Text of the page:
WordPress: wp-blog-header.php

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Wordpress wp-glob-header.php

In this article, I look at WordPress’ wp-blog-header.php file.

In a prior article I talked about the WordPress index.php file. We saw that inside that two lines of code, that the wp-blog-header.php file was included to kick things off. Now’s the time we take a look inside this source file to see whats in it.

It’s a short file, no more than a few lines of PHP source:

  1. if (!isset($wp_did_header) ) {
  2.   $wp_did_header = true;
  3.   require_once( dirname(__FILE__) . '/wp-load.php' );
  4.   wp();
  5.   require_once( ABSPATH . WPINC . '/template-loader.php' );
  6. }

$wp_did_header is a variable that is tested to see if it was set with a non null value. This serves as a semaphore to only execute the code in the block. After doing a complete search through the source code, however, $wp_did_header never is set prior other than the following line in WordPress core. That doesn’t mean though that it can’t be useful as a global variable to plugins and themes.

In template.php, it is recognized in load_template():

function load_template( $_template_file, $require_once = true ) {
  global $posts, $post, $wp_did_header, $wp_query, $wp_rewrite, $wpdb, $wp_version, $wp, $id, $comment, $user_ID;
 
  if (is_array($wp_query->query_vars)) {
    extract($wp_query->query_vars, EXTR_SKIP);
  }
  if (isset($s)) {
    $s = esc_attr($s);
  }
  if ($require_once) {
    require_once($_template_file);
  } else {
    require($_template_file );
  }
}

What this does is make $wp_did_header (as well as the rest of the variables) globally recognized within the load template function call prior to the template file being loaded via require_once/require.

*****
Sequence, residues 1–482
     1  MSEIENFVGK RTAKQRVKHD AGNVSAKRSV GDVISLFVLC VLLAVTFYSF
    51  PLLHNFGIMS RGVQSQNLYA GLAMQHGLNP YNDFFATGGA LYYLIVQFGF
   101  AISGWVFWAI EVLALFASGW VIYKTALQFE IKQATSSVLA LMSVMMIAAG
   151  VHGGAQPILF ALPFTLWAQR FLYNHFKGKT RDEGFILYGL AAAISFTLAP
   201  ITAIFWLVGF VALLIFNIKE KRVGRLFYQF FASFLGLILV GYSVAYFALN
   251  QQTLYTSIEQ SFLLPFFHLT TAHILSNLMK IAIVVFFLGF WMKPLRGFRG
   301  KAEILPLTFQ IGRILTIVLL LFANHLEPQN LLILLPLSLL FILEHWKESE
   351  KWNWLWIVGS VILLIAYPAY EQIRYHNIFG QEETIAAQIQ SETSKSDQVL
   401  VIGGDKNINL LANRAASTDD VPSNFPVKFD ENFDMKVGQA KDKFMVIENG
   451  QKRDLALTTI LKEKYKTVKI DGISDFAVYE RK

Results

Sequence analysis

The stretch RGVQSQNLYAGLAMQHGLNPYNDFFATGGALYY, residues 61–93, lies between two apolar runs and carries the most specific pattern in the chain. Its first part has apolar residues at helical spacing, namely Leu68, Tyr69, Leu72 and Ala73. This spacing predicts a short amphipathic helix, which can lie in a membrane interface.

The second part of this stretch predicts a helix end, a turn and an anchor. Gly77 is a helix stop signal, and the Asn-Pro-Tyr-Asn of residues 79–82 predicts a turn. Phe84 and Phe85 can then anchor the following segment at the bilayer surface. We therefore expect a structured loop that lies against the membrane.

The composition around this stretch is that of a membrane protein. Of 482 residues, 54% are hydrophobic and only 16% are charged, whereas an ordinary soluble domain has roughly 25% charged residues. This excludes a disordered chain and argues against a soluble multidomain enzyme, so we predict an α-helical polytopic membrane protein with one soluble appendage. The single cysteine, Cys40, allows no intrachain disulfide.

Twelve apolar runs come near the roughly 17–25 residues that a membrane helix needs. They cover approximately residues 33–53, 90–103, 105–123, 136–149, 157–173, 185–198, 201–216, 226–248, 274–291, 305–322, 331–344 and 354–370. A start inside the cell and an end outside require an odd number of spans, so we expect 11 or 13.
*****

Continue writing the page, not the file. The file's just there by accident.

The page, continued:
Continuing, we see that the wp-load.php file is then included. I won’t get into detail of this file and leave this for further discussion but basically it is WordPress’ bootstrap file that has a whole lot in it. After, the wp() function is called. The wp() function exists in /wp-includes/functions.php and was included as part of wp-load.php execution. It looks like this:

  1. function wp($query_vars = '') {
  2.   global $wp, $wp_query, $wp_the_query;
  3.   $wp->main($query_vars);
  4.  
  5.   if (!isset($wp_the_query))
  6.     $wp_the_query = $wp_query;
  7. }

$wp is a global variable that references the WordPress class. This class represents the WordPress operating environment. What it does is call up the WordPress main method() that sets up this WordPress operating environment. Therefore, a context exists for each URL requested.

A check is then made if the $wp_the_query variable was set in the $wp->main() operation, it is set to a global variable, $wp_the_query.

Finally, the template-loader.php file is loaded. What this does is look at the URL and include a template file to be associated with the HTTP request. This can be things like the 404, search, page, category, front, home, and other template pages.